It is difficult to establish how villages came into existence in the primitive or the ancient period. The written references on this aspect are insufficient. No strong evidence is available on how the Goan villages were structured in the early period. However, interviews with the illiterate elderly villagers, circumstantial evidence and logical thinking provide a direction.
A village called Tishem lies across the river from Savoi-Verem. This was an area without any houses or human settlements. The area was selected for the construction of a jetty to enable the loading of iron ore, which was carried by river transport. The ore was transported by trucks from the mines and dumped at the jetty. The ore was carried by, barges running between the harbour and the jetty. During the fifth decade of the 20th century, the entire work of unloading the trucks and loading the ore into the barges was executed manually. The barges transported ore only when the bigger ships particularly those from Japan entered into the harbour area.
The job of collecting the labourers and getting the ore loaded was entrusted to a person called the Mukadam ie the supervisor, someone who was capable of completing the job within a limited time. Besides a percentage from the labourers, the Mukadam was also paid by the mine owners. The area remained busy with the movements of the labourers both male and female, only when the barges were anchored at the jetty. Subsequently, the export of iron ore increased, resulting in a growing number of trips by the barges. It became difficult for a labourer to remain at the site for a considerable length of time. Slowly, the people engaged in this work began constructing huts in the area. Subsequently it became the permanent residence of the labourer who settled there along with the other family members. Family members began cultivating in the ‘Porsum’- kitchen garden. The mine owner either purchased the land from the bonafide owner or as per the practice prevailing at that time. The land owner by an oral request allowed some families to construct their houses. They even allowed the cutting of some of the trees and using lofts in constructing the house. Slowly the barren area was transformed into a village.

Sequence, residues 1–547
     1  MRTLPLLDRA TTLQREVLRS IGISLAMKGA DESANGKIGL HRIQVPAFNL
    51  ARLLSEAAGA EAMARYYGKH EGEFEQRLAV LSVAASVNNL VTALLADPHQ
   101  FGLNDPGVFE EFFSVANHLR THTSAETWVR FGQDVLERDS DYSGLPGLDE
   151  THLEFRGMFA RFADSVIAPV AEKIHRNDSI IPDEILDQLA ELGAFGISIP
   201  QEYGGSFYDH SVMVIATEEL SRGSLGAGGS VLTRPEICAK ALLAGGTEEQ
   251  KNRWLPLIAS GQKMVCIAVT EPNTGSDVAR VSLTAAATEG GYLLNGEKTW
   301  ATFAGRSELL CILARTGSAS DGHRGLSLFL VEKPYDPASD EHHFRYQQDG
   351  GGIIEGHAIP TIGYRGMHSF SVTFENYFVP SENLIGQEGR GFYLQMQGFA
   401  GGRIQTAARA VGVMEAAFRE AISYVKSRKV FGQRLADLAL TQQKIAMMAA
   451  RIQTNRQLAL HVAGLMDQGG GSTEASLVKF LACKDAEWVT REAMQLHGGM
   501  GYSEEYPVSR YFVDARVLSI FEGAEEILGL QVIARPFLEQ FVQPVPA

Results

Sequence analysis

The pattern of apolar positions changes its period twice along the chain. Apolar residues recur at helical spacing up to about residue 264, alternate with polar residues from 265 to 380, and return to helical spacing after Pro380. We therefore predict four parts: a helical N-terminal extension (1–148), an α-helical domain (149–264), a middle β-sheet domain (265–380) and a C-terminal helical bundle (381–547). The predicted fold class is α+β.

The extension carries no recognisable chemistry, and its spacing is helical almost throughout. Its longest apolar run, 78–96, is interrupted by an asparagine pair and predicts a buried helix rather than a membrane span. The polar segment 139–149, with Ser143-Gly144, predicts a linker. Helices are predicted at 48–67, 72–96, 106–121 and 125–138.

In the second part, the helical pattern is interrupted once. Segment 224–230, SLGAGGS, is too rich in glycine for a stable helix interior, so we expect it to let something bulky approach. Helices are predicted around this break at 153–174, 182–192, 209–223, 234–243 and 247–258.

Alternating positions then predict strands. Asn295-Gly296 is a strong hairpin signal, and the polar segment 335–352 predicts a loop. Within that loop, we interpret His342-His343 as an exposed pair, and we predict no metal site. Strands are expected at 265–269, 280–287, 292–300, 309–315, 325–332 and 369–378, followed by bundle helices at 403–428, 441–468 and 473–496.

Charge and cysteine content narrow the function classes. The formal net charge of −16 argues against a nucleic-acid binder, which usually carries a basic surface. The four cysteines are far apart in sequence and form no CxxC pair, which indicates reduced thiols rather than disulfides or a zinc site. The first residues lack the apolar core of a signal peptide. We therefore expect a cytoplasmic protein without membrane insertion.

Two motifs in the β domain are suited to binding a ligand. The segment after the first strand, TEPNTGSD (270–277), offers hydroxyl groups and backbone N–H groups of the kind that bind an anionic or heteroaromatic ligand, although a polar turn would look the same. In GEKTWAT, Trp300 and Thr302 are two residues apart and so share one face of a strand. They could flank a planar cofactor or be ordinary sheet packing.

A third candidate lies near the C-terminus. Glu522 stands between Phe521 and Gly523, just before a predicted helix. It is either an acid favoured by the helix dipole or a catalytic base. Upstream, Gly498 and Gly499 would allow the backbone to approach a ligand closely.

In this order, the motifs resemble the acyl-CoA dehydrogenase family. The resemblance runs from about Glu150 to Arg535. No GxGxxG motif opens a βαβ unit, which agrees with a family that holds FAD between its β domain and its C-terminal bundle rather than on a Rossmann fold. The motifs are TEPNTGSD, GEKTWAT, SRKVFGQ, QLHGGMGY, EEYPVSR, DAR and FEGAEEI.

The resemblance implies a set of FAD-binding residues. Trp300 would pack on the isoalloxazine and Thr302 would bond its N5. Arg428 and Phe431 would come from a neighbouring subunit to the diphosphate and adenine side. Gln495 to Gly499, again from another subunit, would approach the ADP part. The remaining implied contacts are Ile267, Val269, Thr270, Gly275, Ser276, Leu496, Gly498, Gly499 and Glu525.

Once the concept of the village came into existence, the villagers installed a deity by erecting or constructing a small temple. Not only that but spirits and entities like Denvchar and Vatharo were worshipped at a few places. To fulfil the needs of the villager, traditional occupants like carpenters, barbers, and blacksmiths entered the area, offering their services. Some of the family members from the village itself began running grocery shops, hotels and small Gados, etc. Within a period of seven years a separate village came into existence consisting of different communities, castes and creeds and religions (1952-60). Presently, the residents have forsaken this village again due to pressure from the mining industry.
Another example of the emergence of a village is known only through interviews with elderly persons. There is a small village called Yeda in the Canacona taluka, inhabited only by the families of the Kulmi community. This village is 26 kms from today’s National Highway 17. The villagers narrated the story to the researcher.
Once upon a time a person from the Pernem taluka of Kulmi origin, in search of food and shelter, arrived in the area. He had a bamboo basket-a buti on his head. In this basket along with food items, were the symbols of his family deities. While resting, keeping his basket by his side, he experienced a dream in which he saw a goddess with a sword and a shield in her hands. He searched for the goddess but could find no trace of her. Attempting to resume his travels he tried to place the basket on his head but could not do so. So he searched again, and he found the goddess he had dreamed of. Finally, he decided to settle down in that area by constructing a house. Slowly his other colleagues from Pernem and other areas joined him. In local parlance ‘Yedat’ means Itinerant. The name of that village Yeda is derived from this. In fact any village of the Kulmi community should necessarily have a Velip family for the religious rites. This is the only village where in only the families of Ganvkars are the original settlers. Slowly a few other families came in for work and trade. The place of the goddess is known as Yedkann. A piece of land of about 500 sq mts, filled with trees and bushes lies at the border of the village, this is where the basket could not be lifted, and is regarded as a sacred place. The entire rituals related to the village are initiated from this holy place. The deity conceived over that place is known as Sarka puris. The two examples mentioned above speak about how villages are being established.
By Vinayak Khedekar
The Navhind Times, Panorama
Sunday November 4, 2007
Posted By : Vinayak Khedekar, Goa on 05/11/2007